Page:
Are tuition and student loan payments included in Medicaid's look-back period?
My father has passed and my mother (age 82) has been in a nursing home in Tennessee unable to to get out of bed since January. Her health will never recover enough for her to leave. (I could not convince my older sibling who is also the executor of my parents will into obtaining a trust when the look back period was 3 years.) I have read in a book written by a elder law attorney that my mother could pay for school tuition and student loans which would not be affected by the look back period. Is this correct?
I'm not sure exactly what you've read, but there is no specific exception for school tuition or loans in the Medicaid nursing home coverage look-back rules. Medicaid decides on whether to penalize a gift based on what the intent or purpose of the gift was. If the gift was made with the purpose of depleting funds to qualify for Medicaid, then Medicaid imposes a penalty, delaying coverage for a period of time based on the amount of the gift. If the gift was made for a different purpose and just happens to have had the secondary effect of depleting funds prior to the gift-giver applying for Medicaid, then the gift will not result in a penalty.
The problem for Medicaid is figuring out when a gift was made with the purpose of qualifying for Medicaid and when it was not. In the case of someone paying school tuition (for a child, grandchild, godchild or other family member, for example), Medicaid would consider whether this was done prior to entering a nursing home or only after, whether it was an ongoing practice or a one-time giveaway, whether the person knew at the time of the gift that she would soon need nursing home care, whether it completely depleted the person's funds or was only a relatively small portion, etc. Consider two examples, below, which might help explain how this works.
Example 1. Ruth, who is healthy and lives at home, regularly helps out her two grandchildren with school tuition. She has given each of them $5,000 a year for tuition for the past three years. Ruth now suddenly has a debilitating stroke that leaves her badly disabled and requires long-term nursing home care. After six months of paying for the care herself, all her assets are gone. Because Ruth clearly did not expect to have the stroke, and because the tuition gifts were made regularly during a period when she had no reason to consider needing Medicaid nursing home coverage anytime soon, Medicaid would be unlikely to consider the tuition gifts as being made for the purpose of qualifying for Medicaid, and so would probably not try to penalize Ruth.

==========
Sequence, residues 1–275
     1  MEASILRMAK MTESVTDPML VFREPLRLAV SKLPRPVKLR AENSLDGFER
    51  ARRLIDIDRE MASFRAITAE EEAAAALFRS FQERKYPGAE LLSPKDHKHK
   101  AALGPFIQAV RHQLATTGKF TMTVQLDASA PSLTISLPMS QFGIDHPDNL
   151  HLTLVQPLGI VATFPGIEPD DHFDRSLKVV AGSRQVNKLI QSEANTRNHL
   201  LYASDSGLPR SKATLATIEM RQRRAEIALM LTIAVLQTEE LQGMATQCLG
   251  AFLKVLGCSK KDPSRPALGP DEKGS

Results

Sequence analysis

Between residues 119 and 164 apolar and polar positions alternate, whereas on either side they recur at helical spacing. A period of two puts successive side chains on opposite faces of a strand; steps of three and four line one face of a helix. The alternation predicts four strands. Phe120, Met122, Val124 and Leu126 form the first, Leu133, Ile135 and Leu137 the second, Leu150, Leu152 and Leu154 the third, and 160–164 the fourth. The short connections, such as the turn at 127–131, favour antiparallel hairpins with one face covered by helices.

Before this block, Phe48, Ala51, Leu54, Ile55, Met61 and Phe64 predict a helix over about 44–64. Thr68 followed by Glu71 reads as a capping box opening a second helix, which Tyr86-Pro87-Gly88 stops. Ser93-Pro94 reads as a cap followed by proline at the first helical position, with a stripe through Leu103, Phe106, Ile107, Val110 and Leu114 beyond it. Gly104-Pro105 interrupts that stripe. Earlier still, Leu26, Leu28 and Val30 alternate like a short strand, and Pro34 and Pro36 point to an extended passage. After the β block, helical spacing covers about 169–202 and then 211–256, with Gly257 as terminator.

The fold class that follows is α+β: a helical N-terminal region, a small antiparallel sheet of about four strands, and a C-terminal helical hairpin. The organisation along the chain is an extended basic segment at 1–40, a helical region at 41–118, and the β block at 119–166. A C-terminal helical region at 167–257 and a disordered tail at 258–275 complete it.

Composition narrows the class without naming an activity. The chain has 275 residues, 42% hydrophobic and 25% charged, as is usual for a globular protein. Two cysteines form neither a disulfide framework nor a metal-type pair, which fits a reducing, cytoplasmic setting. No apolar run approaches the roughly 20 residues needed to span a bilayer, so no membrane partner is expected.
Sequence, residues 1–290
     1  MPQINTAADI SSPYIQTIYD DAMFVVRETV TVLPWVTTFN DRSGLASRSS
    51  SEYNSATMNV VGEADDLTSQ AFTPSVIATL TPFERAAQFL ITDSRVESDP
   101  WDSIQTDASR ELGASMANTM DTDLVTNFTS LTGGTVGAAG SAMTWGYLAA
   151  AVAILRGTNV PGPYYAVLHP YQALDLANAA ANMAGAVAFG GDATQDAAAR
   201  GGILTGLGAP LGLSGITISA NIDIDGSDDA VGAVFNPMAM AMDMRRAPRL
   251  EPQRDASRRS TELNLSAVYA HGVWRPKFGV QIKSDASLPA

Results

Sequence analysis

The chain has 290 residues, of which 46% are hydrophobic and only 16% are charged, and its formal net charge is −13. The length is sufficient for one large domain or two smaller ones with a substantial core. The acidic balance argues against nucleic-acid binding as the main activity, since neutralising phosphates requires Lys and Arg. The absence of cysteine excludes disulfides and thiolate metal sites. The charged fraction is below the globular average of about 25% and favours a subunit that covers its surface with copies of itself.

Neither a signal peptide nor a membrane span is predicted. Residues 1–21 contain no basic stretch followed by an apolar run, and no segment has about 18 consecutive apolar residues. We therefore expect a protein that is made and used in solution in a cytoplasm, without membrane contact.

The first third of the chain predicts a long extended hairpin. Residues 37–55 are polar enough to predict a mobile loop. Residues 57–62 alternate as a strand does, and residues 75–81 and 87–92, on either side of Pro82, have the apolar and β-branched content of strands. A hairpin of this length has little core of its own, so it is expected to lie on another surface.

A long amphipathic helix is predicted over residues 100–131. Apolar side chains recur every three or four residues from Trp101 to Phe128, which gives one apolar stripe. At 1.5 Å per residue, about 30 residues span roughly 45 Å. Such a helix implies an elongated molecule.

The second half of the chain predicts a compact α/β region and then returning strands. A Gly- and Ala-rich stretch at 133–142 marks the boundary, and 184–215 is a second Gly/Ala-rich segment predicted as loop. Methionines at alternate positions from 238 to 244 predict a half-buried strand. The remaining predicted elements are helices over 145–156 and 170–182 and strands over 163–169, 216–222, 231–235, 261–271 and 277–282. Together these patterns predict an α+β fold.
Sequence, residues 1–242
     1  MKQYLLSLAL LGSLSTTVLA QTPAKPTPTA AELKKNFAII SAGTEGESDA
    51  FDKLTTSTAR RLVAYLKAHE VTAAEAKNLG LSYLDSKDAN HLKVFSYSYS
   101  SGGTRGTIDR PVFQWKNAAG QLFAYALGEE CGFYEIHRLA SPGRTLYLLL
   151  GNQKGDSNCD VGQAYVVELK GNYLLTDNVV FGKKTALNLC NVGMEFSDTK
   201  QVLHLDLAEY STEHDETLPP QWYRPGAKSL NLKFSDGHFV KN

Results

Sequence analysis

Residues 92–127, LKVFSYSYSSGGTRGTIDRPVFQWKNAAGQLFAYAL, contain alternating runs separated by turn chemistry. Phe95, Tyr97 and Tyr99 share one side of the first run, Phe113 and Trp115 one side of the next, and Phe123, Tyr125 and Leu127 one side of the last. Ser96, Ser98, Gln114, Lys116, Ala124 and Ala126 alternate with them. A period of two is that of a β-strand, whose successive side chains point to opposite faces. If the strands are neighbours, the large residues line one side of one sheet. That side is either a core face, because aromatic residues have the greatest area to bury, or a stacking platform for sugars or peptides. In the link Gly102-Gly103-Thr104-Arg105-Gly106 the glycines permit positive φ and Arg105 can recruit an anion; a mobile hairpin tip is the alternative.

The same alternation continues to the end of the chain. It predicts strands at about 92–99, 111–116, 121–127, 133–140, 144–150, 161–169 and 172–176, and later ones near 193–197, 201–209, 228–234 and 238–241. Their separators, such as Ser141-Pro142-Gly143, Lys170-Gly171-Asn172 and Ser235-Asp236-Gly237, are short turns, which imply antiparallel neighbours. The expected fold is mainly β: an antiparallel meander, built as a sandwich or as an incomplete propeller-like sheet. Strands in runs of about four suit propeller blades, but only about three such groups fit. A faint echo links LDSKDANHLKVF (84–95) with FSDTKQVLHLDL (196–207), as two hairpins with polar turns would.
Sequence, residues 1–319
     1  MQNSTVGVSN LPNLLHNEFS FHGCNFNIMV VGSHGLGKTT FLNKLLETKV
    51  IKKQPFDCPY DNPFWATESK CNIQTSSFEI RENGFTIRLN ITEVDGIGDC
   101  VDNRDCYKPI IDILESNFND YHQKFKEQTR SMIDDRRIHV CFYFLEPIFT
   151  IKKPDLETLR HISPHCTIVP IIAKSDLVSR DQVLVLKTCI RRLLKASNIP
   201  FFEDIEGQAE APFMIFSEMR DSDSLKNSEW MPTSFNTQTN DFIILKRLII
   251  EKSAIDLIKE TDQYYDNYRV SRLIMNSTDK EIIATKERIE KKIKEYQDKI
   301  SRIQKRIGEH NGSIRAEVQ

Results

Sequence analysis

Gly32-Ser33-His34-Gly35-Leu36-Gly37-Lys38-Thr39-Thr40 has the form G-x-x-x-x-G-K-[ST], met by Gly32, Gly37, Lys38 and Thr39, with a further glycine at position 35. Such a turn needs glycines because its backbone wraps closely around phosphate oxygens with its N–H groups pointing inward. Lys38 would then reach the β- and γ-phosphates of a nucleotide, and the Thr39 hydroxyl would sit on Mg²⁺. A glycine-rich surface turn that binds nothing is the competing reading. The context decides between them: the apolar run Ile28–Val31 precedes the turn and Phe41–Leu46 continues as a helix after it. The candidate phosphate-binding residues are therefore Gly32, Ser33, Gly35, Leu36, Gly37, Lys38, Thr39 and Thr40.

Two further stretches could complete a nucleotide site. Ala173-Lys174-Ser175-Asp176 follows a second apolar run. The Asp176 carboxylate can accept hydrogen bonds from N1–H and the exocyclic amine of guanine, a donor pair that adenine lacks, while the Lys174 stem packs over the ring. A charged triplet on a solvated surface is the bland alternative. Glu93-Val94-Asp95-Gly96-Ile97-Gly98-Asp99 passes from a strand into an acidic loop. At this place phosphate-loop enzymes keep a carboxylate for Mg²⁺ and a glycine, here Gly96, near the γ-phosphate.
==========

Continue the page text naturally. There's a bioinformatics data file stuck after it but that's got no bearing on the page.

Example 2. Betty has been in failing health for years, depending on her husband to help with her care at home, along with occasional help from her two adult children. Betty's husband dies, and Betty's children cannot care for her at home, so she enters a nursing home. Soon thereafter, Betty takes her entire $100,000 in savings and gives it to her three grandchildren for their school tuition and to pay off their existing student loans. She's never before paid any of their tuition or contributed to paying off their loans. She then immediately applies for Medicaid coverage of her nursing home. In this case, Medicaid is very likely to consider this sudden large gift as having been made with the purpose of qualifying for Medicaid and would probably penalize Betty.
Where your mother's situation would fall between these two examples is difficult to say based on the information you've provided, but as you can see, the question would be whether or not her gifts were a sudden move made for the purpose of qualifying for Medicaid.
In Pennsylvania, there is a presumption that funds given away for less than fair consideration were done for the purpose of reducing resources for purposes of Medicaid eligibility. The burden of proof is on the applicant to prove that the gifted funds were done for a purpose other than establishing Medicaid eligibility. This is an uphill battle.
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